Star Tribune adds investigative reporter Schrade

We may be plunging back into recession, but the Star Tribune continues to hire! This time, they’re plumping out their investigative unit, adding Nashville Tennessean investigative editor and reporter Brad Schrade.

According to the staff memo (below), Schrade “will play a core role on our I-team as its watchdog ambitions expand and we put more emphasis on local investigative stories that have national implications and rely at times on intensive data reporting.”

I always look for “badges of honor” when it comes to I-guys, and a search turned up this little nugget: Schrade apparently dug so deeply into misdeeds at the Tennessee Highway Patrol that a patrol officer decided to dig deeply into the reporter’s driver’s license records.

Stuff like this generally shows a reporter is doing his job. You can check out Schrade’s body of work on his blog. He starts work here in September.

While I’ve critiqued a few of the Strib’s bigger investigations over the years, there’s no doubt the paper has upped its long-form game in recent months. I haven’t seen a Pulitzer winner, but fine data digs like missing fugitivesjailed debtors and the “Losing our Lakes” development series are exactly the sort of public-service journalism newspapers justifiably brag about.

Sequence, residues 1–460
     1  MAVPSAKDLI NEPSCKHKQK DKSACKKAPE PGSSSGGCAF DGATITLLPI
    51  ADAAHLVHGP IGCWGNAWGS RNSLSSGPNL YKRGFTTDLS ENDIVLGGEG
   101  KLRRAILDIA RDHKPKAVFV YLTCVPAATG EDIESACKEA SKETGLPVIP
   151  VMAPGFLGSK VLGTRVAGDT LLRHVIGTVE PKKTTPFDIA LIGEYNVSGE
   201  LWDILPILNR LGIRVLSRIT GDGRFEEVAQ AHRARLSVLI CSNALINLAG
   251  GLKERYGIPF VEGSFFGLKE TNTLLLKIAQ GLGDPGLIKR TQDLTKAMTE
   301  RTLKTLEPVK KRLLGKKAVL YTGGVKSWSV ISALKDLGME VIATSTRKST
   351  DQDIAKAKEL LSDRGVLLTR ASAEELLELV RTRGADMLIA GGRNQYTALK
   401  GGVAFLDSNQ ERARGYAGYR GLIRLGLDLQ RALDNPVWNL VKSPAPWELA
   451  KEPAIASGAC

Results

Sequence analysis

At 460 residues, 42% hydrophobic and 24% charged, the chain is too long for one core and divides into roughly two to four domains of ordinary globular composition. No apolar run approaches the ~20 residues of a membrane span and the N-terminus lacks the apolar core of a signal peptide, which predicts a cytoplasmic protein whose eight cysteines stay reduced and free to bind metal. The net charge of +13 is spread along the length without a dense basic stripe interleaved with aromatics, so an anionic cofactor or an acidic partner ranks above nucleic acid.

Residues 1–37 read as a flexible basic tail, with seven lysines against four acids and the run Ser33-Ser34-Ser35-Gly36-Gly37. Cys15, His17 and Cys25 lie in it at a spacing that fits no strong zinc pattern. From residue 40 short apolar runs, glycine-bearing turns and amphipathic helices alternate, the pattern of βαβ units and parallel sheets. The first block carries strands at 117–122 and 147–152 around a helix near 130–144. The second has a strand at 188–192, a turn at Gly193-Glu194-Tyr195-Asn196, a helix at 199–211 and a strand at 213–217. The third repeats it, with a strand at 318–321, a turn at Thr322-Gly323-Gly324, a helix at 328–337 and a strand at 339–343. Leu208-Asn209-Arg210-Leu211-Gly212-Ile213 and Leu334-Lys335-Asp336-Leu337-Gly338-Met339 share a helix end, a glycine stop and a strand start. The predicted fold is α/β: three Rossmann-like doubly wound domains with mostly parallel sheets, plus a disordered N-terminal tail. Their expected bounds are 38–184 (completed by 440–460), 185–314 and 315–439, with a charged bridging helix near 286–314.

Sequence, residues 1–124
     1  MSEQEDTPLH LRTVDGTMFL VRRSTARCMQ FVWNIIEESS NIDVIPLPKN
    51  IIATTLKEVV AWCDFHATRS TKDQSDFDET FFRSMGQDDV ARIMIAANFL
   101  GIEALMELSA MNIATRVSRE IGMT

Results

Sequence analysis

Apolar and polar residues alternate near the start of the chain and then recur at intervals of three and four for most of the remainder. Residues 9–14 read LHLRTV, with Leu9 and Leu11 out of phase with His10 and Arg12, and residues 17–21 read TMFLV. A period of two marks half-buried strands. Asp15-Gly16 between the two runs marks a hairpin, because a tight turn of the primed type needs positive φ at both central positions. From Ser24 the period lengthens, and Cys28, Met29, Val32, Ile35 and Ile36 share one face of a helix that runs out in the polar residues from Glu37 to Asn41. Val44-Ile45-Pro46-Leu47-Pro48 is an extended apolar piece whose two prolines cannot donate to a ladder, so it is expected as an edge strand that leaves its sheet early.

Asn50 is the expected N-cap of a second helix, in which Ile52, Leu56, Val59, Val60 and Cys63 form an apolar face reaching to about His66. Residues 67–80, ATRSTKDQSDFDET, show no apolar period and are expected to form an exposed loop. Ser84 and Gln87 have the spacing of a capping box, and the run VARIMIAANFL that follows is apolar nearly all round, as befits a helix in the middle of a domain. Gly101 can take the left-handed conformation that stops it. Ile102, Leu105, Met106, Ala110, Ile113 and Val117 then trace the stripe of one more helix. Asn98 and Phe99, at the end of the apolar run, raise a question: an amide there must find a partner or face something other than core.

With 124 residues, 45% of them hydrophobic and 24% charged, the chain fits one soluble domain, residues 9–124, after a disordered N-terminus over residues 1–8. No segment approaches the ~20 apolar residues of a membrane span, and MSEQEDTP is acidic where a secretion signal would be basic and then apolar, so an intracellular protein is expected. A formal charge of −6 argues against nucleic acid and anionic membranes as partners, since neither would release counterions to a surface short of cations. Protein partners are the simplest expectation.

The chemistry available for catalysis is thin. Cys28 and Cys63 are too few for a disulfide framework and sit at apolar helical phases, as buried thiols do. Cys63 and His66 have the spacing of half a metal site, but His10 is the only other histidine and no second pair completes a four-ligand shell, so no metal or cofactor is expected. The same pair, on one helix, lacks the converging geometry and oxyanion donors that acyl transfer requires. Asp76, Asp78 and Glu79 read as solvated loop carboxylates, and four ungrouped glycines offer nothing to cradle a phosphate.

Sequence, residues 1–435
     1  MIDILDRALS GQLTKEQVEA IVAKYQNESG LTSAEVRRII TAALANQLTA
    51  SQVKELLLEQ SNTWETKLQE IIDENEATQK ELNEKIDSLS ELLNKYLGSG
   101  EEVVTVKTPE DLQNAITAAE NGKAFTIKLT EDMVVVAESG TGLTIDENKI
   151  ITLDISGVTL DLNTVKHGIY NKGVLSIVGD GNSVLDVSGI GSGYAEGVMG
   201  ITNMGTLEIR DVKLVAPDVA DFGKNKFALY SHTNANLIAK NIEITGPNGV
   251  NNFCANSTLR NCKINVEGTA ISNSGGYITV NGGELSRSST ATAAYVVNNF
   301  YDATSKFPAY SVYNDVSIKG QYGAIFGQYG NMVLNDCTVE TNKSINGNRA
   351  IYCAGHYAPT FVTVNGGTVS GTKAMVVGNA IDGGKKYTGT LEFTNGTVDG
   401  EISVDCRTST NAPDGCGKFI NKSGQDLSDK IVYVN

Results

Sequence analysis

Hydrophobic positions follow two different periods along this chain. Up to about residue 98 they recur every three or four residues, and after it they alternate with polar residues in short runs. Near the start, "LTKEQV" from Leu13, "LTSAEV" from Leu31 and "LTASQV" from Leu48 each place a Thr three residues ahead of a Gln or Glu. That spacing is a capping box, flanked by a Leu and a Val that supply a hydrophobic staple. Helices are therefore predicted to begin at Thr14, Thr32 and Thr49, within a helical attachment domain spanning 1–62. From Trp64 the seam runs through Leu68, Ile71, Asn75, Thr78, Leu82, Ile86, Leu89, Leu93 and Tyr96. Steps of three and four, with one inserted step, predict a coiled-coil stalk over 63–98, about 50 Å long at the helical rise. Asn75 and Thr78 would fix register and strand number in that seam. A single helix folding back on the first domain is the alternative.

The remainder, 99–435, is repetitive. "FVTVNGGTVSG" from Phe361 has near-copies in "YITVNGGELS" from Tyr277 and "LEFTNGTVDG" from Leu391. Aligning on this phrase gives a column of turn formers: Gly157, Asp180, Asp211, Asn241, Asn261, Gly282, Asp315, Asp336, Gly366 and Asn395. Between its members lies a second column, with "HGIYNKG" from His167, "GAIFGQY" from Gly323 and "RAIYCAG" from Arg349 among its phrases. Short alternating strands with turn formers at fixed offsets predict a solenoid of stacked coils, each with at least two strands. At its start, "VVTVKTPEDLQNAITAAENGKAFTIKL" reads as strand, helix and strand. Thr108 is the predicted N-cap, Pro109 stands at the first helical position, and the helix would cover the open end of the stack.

Those stories are coming from various Strib reporting teams; Schrade will be working for investigations editor Jeff Meitrodt, whose name is on this memo along with managing editor Rene Sanchez:

The I-team gets a new member

We are delighted to announce that Brad Schrade will be joining our Investigative team as a reporter.

Brad is an exceptional journalist — a relentless reporter and gifted writer with a long track record of producing ambitious, award-winning investigative stories and public-interest projects that blend old-fashioned digging with sophisticated data mining and digital skills. He is currently a senior reporter and investigative editor at The Tennessean in Nashville.

During his 10 years in Nashville, where he began work as a beat reporter covering city hall then state government, Brad has produced one stellar investigative project after another:

He has exposed widespread corruption within the Tennessee Highway Patrol with a blitz of stories that forced the agency’s top management to resign and the governor to commit to reforms. He has examined the menacing spread of gangs across the heartland of Tennessee, and he has showed how legal loopholes in the state’s handgun-permitting laws were putting guns in the hand of violent felons.

Along with those projects, Brad has covered everything from the aftermath of the 9/11 terrorist attacks in New York City to the Florida presidential recount.  Meanwhile, as a Knight-Wallace fellow at the University of Michigan in 2007-08, he examined the influence of money in politics. Brad is also a veteran of IRE’s computer-assisted reporting training camps.

Before moving to Nashville, Brad spent three years as a cops, courts and government reporter for the Atlanta Journal-Constitution. He also has reported for The Augusta Daily Chronicle in Georgia. Brad graduated from the University of Georgia with a master’s degree in history.

Brad will play a core role on our I-team as its watchdog ambitions expand and we put more emphasis on local investigative stories that have national implications and rely at times on intensive data reporting. He will start work in the newsroom sometime shortly after Labor Day.

Rene
Jeff

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